Title: 'Trends in Early Intervention Advisement Practices Relative to Cochlear Implantation'
Track: 2-Audiological Assessment and Intervention
Keyword(s): early implantation, advisement practices, cochlear implant candidacy, socio-economic status
Learning Objectives: At the end of the session, participants will be able to examine and evaluate the impact of early intervention advisement practices in their home community on families’ access to cochlear implantation for young deaf children.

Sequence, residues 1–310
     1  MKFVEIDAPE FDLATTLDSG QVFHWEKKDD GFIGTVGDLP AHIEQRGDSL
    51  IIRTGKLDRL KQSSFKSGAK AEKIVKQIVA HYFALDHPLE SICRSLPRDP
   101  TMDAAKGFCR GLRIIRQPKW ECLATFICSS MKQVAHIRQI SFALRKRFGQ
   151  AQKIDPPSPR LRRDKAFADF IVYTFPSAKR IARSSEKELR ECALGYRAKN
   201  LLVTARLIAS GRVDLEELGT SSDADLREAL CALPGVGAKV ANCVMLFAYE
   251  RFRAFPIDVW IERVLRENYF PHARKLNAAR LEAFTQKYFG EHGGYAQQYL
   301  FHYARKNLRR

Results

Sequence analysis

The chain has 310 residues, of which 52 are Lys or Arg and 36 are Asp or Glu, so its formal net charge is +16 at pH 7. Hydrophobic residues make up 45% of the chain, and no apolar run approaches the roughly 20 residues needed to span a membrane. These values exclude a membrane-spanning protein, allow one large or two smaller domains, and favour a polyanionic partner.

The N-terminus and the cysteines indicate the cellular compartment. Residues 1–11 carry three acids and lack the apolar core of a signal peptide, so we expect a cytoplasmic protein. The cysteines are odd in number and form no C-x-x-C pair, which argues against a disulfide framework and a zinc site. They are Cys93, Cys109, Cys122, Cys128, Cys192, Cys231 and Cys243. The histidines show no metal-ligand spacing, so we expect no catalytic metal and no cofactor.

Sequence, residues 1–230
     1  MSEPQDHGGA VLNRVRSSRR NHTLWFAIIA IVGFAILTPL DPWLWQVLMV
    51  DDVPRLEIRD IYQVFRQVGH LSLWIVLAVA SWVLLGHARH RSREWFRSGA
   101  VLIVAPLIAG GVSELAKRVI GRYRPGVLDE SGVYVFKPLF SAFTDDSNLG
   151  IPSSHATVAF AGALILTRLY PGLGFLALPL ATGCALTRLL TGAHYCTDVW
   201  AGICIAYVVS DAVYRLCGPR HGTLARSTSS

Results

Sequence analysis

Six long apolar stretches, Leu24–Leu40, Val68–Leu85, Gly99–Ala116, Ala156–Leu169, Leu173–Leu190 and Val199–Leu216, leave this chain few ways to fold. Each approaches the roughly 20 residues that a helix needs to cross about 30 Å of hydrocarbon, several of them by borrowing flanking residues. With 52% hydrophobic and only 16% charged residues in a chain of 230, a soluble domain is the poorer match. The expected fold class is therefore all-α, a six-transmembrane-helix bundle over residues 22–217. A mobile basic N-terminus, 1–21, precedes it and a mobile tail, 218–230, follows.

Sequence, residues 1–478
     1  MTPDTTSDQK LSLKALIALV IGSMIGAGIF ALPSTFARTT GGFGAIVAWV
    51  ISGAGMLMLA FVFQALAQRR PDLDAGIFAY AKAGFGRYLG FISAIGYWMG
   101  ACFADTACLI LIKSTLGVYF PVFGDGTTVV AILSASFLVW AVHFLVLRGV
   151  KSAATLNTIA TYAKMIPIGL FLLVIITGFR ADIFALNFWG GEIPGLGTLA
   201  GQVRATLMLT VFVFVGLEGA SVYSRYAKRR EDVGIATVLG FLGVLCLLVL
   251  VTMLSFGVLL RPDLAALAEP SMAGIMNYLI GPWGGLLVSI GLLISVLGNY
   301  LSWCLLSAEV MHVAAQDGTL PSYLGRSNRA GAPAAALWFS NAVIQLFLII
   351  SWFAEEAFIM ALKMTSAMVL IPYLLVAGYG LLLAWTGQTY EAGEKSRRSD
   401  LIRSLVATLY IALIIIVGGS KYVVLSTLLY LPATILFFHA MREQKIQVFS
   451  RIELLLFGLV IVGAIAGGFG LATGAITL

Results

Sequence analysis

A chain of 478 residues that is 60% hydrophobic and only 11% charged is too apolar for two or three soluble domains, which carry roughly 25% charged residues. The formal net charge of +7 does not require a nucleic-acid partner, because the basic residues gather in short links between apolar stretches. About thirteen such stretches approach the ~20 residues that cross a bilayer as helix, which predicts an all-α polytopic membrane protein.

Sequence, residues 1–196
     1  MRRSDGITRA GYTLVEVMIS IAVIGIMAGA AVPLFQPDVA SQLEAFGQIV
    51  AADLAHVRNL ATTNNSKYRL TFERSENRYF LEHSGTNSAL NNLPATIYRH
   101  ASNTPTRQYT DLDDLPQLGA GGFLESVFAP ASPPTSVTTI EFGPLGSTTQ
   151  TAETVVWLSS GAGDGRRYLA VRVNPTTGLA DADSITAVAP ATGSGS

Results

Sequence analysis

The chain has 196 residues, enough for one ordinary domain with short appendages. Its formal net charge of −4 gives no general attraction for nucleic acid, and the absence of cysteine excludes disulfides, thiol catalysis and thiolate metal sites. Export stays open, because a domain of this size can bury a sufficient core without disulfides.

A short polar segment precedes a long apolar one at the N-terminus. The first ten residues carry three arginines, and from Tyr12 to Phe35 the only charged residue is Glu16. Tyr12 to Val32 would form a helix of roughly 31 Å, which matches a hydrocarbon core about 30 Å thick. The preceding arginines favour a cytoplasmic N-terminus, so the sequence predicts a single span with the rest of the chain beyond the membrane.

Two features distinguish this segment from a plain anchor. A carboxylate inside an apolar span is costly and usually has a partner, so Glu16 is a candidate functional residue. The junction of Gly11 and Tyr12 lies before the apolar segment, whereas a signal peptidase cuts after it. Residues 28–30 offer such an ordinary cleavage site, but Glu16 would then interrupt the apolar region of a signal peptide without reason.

An essential component of early intervention includes the timely provision of information to parents regarding their options for treatment of their child’s profound hearing loss, including receipt of information regarding cochlear implants. This information should include details regarding candidacy, outcomes, and benefits of early implantation. CI clinics often report that many families begin the CI evaluation process after the child’s second birthday, even though the child’s hearing loss was identified soon after birth. This is supported by implant registration data, which indicates that in 2010, the average age at implant for children who received a cochlear implant prior to their third birthday was 19 months (Cochlear Americas, U.S. estimates). In 2003, we conducted a survey of 148 parents of young children who had received cochlear implants to ask them about their experiences with the early intervention process. This survey revealed that most parents did not receive information about cochlear implants from early intervention professionals but instead received such information from a variety of other sources. A 2011 study replicates and updates the information received from the 2003 survey and examines recent experiences of 320 parents with the Early Intervention system in their community including early intervention services received, and socio-economic status and education levels of the family. The analysis provides comparisons to the 2003 study and also relative to parental income, education, and ethnicity. Study findings can be used to improve the advisement process so that families may have full access to the information they need to make timely decisions on options and services needed to maximize cochlear implant outcomes. The effect of family income, education and ethnicity on the age of the child at time of cochlear implantation will be discussed relative to advisement strategies.
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